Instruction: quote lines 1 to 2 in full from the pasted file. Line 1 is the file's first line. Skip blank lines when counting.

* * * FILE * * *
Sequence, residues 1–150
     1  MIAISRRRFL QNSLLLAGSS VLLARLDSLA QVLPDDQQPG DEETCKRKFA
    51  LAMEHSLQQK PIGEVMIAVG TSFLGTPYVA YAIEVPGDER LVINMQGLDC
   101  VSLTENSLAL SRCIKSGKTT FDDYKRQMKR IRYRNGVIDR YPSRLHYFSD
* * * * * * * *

Sequence, residues 1–150
     1  MIAISRRRFL QNSLLLAGSS VLLARLDSLA QVLPDDQQPG DEETCKRKFA